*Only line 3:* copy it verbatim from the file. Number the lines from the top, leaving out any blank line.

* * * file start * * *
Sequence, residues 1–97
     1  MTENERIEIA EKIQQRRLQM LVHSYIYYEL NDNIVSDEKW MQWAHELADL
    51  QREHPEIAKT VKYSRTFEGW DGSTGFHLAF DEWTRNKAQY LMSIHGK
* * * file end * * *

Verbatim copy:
    51  QREHPEIAKT VKYSRTFEGW DGSTGFHLAF DEWTRNKAQY LMSIHGK